The 2007 International Road Transport Action Week Campaign last Tuesday began in Accra with a call on road users, especially drivers, to strictly comply with traffic and motor regulations to reduce indiscipline and carnage on roads.
Mr Magnus Opare Asamoah, Deputy Minister for Transportation said increase in road construction and rehabilitation demonstrated government's commitment to make the transport sector safe, reliable and efficient for Ghana to serve as a corridor for the sub-region.
He stated that Government was also not happy with the increasing carnage on the roads, and had therefore adopted a National Road Safety Strategy to reduce the accident rates from 22 per cent to a single digit by 2010.
He noted that the strategy would involve education as a key tool to improve driver and vehicle integrity and minimise over speeding, overloading, reckless driving and other negative attitudes that made roads unsafe. He said to attain the single digit, the Motor and Traffic Unit has been provided with some equipment to enable it play its enforcement role well.
Mr Opare Asamoah also expressed disappointment on undue delays; extortion and other negative attitudes of security officers on the country's borders saying these attitudes were contrary to ECOWAS protocols.
He stated that the ECOWAS protocols enjoined all member countries to ensure free movement of people and goods, adding that it was in respect of these protocols that the Abidjan-Lagos Facilitation Programme was launched in Accra in September to address such problems that militated against smooth transportation along the corridors.
Touching on HIV/AIDS, the Deputy Minister said due to the nature of the work of drivers, there was the need to intensify HIV/AIDS education for them since many drivers who plied along the borders, especially along Ghana Abidjan were exposed to risks of the pandemic.
Mr David Adonteng, Deputy Director, Research, Monitoring and Evaluation, National Road Safety Commission (NRSC) said human error remained the highest contributory factor of most accidents.
He said to this effect, the NRSC through its National Road Safety Strategy would soon establish a national driving school to formally provide training to drivers to increase their professionalism.
He said the Commission would also establish a national call centre where individuals could call on a toll free service to give out information and seek assistance in case of any emergency.
Mr Adonteng also hinted that the Commission would install automatic speed cameras to monitor vehicles and pass a legislative instrument to ensure that drivers who used mobile phones whiles driving and those who refused to put on their seat belts would be brought to book. He said the Commission would continue to work hard to minimise all indiscipline.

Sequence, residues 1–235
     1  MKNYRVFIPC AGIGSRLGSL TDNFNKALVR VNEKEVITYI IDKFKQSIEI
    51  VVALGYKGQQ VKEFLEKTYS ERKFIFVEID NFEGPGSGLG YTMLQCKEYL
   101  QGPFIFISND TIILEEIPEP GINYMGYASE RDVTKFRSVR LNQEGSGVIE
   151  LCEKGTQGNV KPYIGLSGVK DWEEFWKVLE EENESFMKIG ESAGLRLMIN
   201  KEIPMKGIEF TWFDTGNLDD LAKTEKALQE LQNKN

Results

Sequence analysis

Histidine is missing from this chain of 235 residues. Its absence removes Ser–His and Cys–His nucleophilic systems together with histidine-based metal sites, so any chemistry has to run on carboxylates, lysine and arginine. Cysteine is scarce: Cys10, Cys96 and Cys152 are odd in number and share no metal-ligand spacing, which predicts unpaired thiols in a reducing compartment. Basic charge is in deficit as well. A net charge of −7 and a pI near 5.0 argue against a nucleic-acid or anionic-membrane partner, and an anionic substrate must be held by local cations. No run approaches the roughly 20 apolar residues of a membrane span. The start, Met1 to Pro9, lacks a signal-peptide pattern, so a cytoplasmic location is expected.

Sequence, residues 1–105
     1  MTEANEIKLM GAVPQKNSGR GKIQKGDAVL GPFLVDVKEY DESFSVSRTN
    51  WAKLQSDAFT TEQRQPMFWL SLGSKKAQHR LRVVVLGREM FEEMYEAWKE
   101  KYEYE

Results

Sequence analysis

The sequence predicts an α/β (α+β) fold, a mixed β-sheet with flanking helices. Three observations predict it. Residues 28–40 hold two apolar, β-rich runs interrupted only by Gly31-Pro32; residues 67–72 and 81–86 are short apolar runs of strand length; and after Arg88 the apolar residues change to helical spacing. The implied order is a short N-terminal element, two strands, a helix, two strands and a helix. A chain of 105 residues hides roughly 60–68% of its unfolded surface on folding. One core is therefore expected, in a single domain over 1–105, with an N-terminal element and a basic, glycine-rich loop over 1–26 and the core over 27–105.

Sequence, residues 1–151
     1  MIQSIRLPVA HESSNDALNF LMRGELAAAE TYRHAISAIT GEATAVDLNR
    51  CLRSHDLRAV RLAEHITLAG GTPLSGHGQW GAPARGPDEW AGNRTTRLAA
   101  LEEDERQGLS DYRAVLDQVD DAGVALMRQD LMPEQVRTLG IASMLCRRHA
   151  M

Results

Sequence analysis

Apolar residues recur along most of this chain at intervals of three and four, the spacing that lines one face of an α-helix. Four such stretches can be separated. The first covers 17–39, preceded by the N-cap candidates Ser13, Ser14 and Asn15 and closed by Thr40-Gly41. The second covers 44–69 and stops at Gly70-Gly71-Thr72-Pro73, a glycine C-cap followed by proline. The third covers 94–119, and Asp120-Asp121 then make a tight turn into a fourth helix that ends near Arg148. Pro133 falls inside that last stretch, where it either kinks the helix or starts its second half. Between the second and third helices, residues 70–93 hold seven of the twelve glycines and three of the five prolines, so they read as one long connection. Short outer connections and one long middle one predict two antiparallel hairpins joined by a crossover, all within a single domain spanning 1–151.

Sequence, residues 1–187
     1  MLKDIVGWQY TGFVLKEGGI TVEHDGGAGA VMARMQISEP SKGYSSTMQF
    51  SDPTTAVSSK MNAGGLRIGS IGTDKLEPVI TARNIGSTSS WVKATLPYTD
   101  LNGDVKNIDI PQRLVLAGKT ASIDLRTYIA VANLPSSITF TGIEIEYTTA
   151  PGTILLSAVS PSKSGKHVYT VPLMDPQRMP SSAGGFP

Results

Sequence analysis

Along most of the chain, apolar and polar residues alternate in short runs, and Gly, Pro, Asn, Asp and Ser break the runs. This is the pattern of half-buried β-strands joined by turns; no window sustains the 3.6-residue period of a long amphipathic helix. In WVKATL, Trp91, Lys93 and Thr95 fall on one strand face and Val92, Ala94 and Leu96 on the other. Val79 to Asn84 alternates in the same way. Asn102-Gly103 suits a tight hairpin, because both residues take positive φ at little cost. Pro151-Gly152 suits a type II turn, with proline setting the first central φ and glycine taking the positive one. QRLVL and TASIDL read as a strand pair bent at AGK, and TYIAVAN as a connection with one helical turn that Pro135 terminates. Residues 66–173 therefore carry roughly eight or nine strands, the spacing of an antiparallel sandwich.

Mr Emmanuel A. Mensah, Coordinating Secretary, International Transport Workers Federation (ITF) said the campaign under the theme: 'Organising Globally' Building Union Power, Correcting Indiscipline On Our Roads, Eradicating the Carnage On Our Roads, Addressing Undue Delays at the Frontiers And Fighting the HIV/AIDS Pandemic' has brought together stakeholders to discuss ways to ensure effective transport system.
He said bringing commercial drivers; especially floating drivers under a union had become an essential component for the regulation of the road transport industry and ensuring compliance with traffic and motor regulations. He expressed regret that some drivers deliberately ignored the training received hence causing huge investment loss to transport companies, owners and individuals.
Mr Mensah urged transport owners to improve conditions of service of transport workers to ensure job satisfaction and prevent them from overworking to sustain their livelihood. He also called on Parliament to expedite action on the passage of the Transport Policy Bill that would serve as a guide for stakeholders.
The Coordinating Secretary also stressed the need to address undue delays and extortion by some security officers, adding that it was not encouraging to spend over four dollars for bribes on the borders as investigations has shown.
Mr Paa Cofie Fynn, Greater Accra Regional Manager, Intercity STC Coaches Limited said it was unfortunate that all attempts to reduce indiscipline on roads have failed and the country continued to be one out of 10 countries that record high accident rates. He urged transport owners to employ at least two drivers on board of vehicles, which travelled long distances to reduce driver fatigue identified as a major cause of accidents.
Mr Adjei Sefa, Managing Director, Intercity STC said good transport system was a prerequisite for economic growth and poverty reduction, thus there was the need for a change in any country's transport system to meet global demands.
He said time, distance, reliability and security were therefore important components of a transport system, adding that this was why Intercity STC management and staff through unity was providing quality transport service to link Ghana and national capitals in the sub-region.